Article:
With only one week left until the federal election, the days to come will play a critical role in shaping the next four years in Canada. We are in the homestretch and the stakes are high. In the midst of COVID’s fourth wave, the results of this election will determine how Canada responds to the immediate challenges of the pandemic, as well as how we recover and rebuild our social, economic, and environmental landscape.
Multi-tenant (rooming) house legalization goes nowhere, again
Council was supposed to vote on a new city-wide framework to regulate multi-tenant houses (a.k.a. rooming houses) at its July meeting. But, knowing that he didn't have the votes to win, Mayor Tory moved to defer the item to the fall. Some members of his Executive Committee were expected to vote against the item, and it even faced opposition from some progressive councillors.
Affordable, accessible, and reliable public transit is essential to Toronto residents. It affects our ability to get to work, access critical services, connect with family, friends, and our communities, and participate in recreation and cultural activities. Good public transit reduces road congestion, supports our collective response to the climate crisis, and advances environmental goals. And it is vital to advancing the City’s poverty reduction strategy, supporting local economies, and realizing our vision for building a better, more equitable, and sustainable city.
SPT and partners call for action on overcrowding in rental housing: A housing issue, a planning issue, and a racial justice issue
July 21 update: Good news! Councillor Wong-Tam’s motion did not require a Council vote. City staff will now carry out the work on overcrowding in rental housing. Watch for a staff report in the first quarter of 2022. We’ll keep you in the loop as this work proceeds.
Overcrowding is a widespread problem in rental housing. In addition to an important planning concern, it is also relevant to racial and social justice, as overcrowding disproportionately affects Indigenous peoples[i], racialized individuals[ii], newcomers[iii], refugees[iv], lone mother–led families[v], and low-income households[vi]. Further, it is a spatial or place-based problem, with higher rates of overcrowding among tenants in the northwest corner of the city, parts of North York and East York, and most of Scarborough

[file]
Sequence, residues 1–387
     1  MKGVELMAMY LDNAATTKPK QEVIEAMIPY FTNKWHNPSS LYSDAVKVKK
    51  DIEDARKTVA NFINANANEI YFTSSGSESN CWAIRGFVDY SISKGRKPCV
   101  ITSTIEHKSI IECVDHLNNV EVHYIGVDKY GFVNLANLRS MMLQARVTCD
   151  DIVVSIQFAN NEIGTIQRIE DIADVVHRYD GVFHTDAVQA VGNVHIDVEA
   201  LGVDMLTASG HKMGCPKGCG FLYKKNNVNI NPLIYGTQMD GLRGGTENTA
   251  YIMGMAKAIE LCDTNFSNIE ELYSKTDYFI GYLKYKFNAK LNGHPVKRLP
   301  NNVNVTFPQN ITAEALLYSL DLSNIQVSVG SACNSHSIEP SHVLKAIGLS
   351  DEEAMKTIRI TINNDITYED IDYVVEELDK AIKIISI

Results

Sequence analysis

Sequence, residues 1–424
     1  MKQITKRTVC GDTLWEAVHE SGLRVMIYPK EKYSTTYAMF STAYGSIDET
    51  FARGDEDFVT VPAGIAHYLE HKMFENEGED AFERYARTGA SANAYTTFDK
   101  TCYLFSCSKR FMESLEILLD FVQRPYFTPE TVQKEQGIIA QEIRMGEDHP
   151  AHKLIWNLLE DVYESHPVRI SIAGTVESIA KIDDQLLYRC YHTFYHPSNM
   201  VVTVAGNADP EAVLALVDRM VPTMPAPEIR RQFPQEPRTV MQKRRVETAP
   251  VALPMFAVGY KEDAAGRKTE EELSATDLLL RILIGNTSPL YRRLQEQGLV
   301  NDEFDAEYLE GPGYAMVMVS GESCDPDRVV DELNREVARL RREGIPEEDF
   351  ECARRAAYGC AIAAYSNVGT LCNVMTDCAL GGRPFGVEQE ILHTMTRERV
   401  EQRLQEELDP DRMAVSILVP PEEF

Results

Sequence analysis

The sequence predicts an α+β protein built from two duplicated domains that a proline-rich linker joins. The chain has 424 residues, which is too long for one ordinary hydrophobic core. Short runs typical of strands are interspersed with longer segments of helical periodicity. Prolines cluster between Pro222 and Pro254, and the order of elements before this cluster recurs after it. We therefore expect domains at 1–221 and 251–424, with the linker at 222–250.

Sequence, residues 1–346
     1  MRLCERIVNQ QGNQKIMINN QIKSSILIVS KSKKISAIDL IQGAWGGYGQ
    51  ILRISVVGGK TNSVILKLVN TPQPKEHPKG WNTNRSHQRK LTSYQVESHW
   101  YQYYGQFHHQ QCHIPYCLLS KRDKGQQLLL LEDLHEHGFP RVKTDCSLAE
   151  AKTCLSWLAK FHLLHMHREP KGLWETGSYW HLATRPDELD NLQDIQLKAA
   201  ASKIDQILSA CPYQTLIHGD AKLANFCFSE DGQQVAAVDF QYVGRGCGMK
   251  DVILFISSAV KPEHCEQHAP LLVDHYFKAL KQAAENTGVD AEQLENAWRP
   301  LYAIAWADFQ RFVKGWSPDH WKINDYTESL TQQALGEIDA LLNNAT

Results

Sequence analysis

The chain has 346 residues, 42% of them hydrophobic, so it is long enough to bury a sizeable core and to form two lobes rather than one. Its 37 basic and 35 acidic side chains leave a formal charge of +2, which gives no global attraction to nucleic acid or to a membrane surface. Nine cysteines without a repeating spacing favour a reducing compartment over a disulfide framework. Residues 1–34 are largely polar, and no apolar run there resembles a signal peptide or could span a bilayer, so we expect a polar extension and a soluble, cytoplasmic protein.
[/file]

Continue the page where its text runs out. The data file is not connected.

June 22 was a shameful day for Toronto. Our neighbours who are experiencing homelessness were forcibly removed from their encampment at Trinity Bellwoods Park by well over 100 police officers and contracted private security guards. Residents and advocates across the city watched in horror as the rights of those most vulnerable in our city were violated.
2021 marks the 10th anniversary of the Frances Lankin Community Service Award!
We established the Frances Lankin Award in 2011 to honour Fances Lankin on her retirement from United Way Toronto. Each year, we present awards in two categories: Lifetime Achievement, and Inspiring Leadership.
We are thrilled to announce this year's recipients!
What does the 2021 Federal Budget include for communities and nonprofits? Investments in nine important issues
On April 19, the Honourable Chrystia Freeland, Deputy Prime Minister and Minister of Finance, presented the Government of Canada’s 2021 Budget: A Recovery Plan for Jobs, Growth, and Resilience. The Federal Budget aims to conquer COVID-19, quickly overcome the pandemic recession, and build a more resilient Canada. Below, we break down what Canada’s new financial plan includes for local residents and community organizations in nine important issue areas.
Year after year, Toronto approves recordbreaking numbers of highrise condo units that the vast majority of renters can't afford. Most of these new units are bought up as investment properties to be rented at exorbitant prices and flipped. It's an unsustainable and terribly unfair way to develop our city.
What Toronto needs is more affordable, secure rental units. But over the last decade, for every 9 condo units completed, only 1 purpose-built rental unit was completed.
Social Planning Toronto enthusiastically announces and welcomes Jin Huh as our new Executive Director.
Events over the past year have made clear the systemic racism and injustices that racialized, Black, and Indigenous communities continue to face. The murders that occured in Atlanta, Georgia, spas on March 26, 2021, are a stark example of that. These brazen shootings were an expression not only of anti-Asian hate but also of gender-based violence. They also highlight the marginalization of migrant sex workers.
Social Planning Toronto recognizes that these acts are not unique to the United States. Sadly, inequalities continue to divide us, and Asian individuals experience racism on a daily basis. Forms of anti-Asian hate and violence persist in Toronto and across Canada. Nationally, more than 600 incidents of anti-Asian racism were reported between March 10 and Dec. 31, 2020, about one-quarter of them in Toronto, ranging from microaggressions to verbal harassment to physical attacks.